Residence Rules

You meet the residence rules, you must live in Australia (some exemptions may apply) and are either:

  • An Australian citizen
  • A permanent residence visa holder
  • A protected Special Category Visa (SCV) holder
  • Temporary protection type visas
  • Partner provisional visas, such as subclass 820 or 309 visa.

Other Requirements

  • You are in severe financial hardship due to circumstances beyond your control;
  • You do not enough to support you and your dependents;
  • You can not get any other income support payment.

“Severe financial hardship”

You are deemed to be in severe financial hardship if any of the following occurs to you:

  • You earn less than the highest Special Benefit fortnightly payment;
  • You can’t improve your financial position;
  • You have limited savings.

For these purposes, “limited savings” refers to the following:

  • For short term payments you and your partner must have no more than fortnightly Special Benefit payment amount;
  • For long term payments you must have no more than $5,000.  Please note that there may be waiting periods for newly arrived residents.

How much will I get?

Special benefits payments are determined on a case by case basis with an income and assets tests.

However, if you are deemed eligible for the Special Benefits program you will then receive the Coronavirus Supplement payment of $550 fortnightly and the two separate support payments of $750 between 31 March and 13 April 2020.

Income test

For every $1 of gross income you earn or get, your rate of Special Benefit reduces by $1.  Centrelink will look at both your income and, where relevant, your partner’s income.

Centrelink will also look at any extra support you may get from other third parties, including any of the following:

  • Food;
  • Accommodation;
  • Utilities;
  • Other goods and services.

Asset Test

An asset is any property or possession you own in full or part.  This includes any assets you have outside Australia and any debts owing to you.

The assets test will involve Centrelink verifying if you:

  • Own a home; or
  • Are buying your own home.

I am a temporary visa holder, what does this mean for me?

Unfortunately not all temporary visa holders will be able to access the Special Benefit scheme. Only protected SCV holders, temporary protection type visa holders and provisional partner visa holders will be able to access this scheme.

For further details, please refer to:

Early Access to Superannuation

Whilst superannuation helps people save for retirement, the Government recognises that for those significantly financially affected by the Coronavirus, accessing some of their superannuation today may outweigh the benefits of maintaining those savings until retirement.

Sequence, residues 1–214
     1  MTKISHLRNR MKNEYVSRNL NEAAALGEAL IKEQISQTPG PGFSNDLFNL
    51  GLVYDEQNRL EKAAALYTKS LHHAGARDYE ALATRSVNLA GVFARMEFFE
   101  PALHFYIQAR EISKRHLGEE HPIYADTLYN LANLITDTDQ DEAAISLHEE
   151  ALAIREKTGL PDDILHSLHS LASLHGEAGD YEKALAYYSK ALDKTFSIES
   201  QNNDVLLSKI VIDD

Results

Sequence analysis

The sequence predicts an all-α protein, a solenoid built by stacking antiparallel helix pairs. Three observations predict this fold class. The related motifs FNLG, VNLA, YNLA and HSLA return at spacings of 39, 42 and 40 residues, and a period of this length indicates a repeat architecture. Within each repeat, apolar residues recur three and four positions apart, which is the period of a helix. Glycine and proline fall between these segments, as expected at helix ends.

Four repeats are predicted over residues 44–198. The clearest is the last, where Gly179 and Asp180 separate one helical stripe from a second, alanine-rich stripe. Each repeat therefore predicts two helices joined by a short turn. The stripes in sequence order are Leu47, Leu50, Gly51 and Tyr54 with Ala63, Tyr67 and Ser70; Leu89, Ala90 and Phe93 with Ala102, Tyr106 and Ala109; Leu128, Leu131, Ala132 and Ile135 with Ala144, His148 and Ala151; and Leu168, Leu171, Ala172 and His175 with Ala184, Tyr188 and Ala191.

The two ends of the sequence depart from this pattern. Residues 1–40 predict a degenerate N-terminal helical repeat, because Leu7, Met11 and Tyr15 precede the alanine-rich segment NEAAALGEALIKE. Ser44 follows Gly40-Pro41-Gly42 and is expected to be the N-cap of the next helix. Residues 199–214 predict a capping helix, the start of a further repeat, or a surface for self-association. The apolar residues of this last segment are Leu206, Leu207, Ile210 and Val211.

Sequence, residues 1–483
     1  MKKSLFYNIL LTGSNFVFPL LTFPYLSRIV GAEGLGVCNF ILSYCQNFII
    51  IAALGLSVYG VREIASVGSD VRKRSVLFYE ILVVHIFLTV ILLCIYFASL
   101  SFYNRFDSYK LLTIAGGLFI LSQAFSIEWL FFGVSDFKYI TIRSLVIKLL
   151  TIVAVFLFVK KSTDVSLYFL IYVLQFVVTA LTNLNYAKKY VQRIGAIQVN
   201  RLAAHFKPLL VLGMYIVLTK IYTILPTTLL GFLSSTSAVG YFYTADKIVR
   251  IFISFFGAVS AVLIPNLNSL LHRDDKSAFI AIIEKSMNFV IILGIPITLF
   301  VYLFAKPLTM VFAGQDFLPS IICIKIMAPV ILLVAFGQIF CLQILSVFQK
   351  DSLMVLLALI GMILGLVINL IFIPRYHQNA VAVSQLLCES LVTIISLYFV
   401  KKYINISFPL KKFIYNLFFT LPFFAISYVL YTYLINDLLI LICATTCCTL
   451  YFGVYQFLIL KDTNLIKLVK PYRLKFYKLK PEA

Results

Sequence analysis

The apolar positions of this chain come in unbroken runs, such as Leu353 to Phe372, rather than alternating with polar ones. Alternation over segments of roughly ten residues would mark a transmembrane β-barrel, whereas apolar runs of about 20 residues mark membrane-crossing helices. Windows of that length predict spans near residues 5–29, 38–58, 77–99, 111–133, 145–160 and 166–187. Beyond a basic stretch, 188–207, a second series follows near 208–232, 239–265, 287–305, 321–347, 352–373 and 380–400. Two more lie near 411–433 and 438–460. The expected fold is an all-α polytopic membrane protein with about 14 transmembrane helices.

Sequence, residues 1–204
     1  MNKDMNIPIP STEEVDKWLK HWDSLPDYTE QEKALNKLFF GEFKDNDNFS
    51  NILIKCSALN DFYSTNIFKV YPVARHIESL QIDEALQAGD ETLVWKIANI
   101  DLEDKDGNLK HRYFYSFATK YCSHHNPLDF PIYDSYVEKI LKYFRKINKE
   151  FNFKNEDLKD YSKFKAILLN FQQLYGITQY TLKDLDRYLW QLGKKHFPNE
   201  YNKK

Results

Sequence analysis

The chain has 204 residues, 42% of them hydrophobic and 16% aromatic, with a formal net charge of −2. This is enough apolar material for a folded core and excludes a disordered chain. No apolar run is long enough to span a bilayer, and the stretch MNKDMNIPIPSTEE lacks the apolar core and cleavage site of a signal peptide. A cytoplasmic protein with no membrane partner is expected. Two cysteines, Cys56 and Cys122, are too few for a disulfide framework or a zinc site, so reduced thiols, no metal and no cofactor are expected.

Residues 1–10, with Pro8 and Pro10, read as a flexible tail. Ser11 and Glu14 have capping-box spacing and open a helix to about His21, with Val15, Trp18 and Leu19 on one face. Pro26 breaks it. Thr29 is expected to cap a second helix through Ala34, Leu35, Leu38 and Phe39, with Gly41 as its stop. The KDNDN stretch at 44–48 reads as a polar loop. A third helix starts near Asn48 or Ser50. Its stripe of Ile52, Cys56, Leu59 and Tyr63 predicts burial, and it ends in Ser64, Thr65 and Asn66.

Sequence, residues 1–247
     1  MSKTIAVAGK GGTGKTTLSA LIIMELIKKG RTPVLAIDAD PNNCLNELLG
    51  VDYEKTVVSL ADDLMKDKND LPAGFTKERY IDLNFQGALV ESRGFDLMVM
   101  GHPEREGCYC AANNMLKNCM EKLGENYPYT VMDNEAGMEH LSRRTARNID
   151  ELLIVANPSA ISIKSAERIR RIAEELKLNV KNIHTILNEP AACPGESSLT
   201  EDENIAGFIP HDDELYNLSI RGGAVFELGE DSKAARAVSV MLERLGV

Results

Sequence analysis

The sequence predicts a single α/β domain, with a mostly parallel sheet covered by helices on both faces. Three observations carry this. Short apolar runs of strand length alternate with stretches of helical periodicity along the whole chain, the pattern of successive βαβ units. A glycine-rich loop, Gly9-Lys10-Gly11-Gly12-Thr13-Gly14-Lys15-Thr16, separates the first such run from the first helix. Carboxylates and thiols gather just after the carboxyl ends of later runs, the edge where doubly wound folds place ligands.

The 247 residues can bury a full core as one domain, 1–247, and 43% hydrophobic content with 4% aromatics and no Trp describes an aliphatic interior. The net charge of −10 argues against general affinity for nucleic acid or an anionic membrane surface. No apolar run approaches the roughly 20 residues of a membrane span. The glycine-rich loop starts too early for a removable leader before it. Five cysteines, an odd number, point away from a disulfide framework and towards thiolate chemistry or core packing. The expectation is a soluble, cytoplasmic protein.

The early release program commences 20 April 2020 and if you are eligible you will be able to access up to $10,000 of your superannuation before 1 July 2020, as well as a further $10,000 in the 2020-21 financial year but you must apply prior to 24 September 2020 when the measure ends.

In short, you can access up to $20,000 of your super.

The amounts accessed will be treated as non-assessable non-exempt income and therefore tax free.  As such these payments will not impact any Centrelink payments or any other income or means testing.

Who is Eligible?

To satisfy early release of your super you must satisfy one or more of the following requirements:

  • You are unemployed; or
  • You are eligible to receive a:
    • JobSeeker payment; or
    • Youth allowance for JobSeeker; or
    • Parenting payment; or
    • Special benefit; or
    • Farm household allowance;

OR On or after 1 January 2020, you:

  • Were made redundant; or
  • Had your working hours reduced by 20% or more; or
  • Are a sole trader and your business was suspended or there was a reduction in your turnover of 20% or more.

I am a temporary visa holder, what does this mean for me?

Most temporary visa holders with work rights will be able to access their Australian superannuation early to help support themselves during this crisis.

Should this be a last resort?

Accessing superannuation early should be approached with extreme caution and only as a last resort.

An ISA analysis shows a 20-year-old who accesses the full $20,000 available under the scheme could lose more than $120,000 from their retirement balance. A 30-year-old who accesses $20,000 from super now could lose about $100,000 when they hit retirement and a 40-year-old could lose more than $63,000.

The government has provided a significant program of wage stimulus measures which we have discussed above, including increasing welfare support payments which should be considered and exhausted before tapping into your super.

For further details, please refer to: management/Coronavirus-information-and-support-for-business/Early-access-to-superannuation


We sympathise with the Australian workforce and those who have contributed to our economy and in essence our quality of life.

In these times of change and uncertainty we hope we were able to provide some clarity on the welfare programs that are available to those who have been made redundant, stood down, experienced reduced hours or reduced remuneration, in particular sponsors and visa holders.

Know that we are here to provide you with support, and we are pressing for ongoing communication with all relevant Government Departments in order to gain additional information to provide you with regular updates as they happen.

If you would like to discuss your unique situation further, please do not hesitate to contact our consultants on (02) 8234 8400 or email us at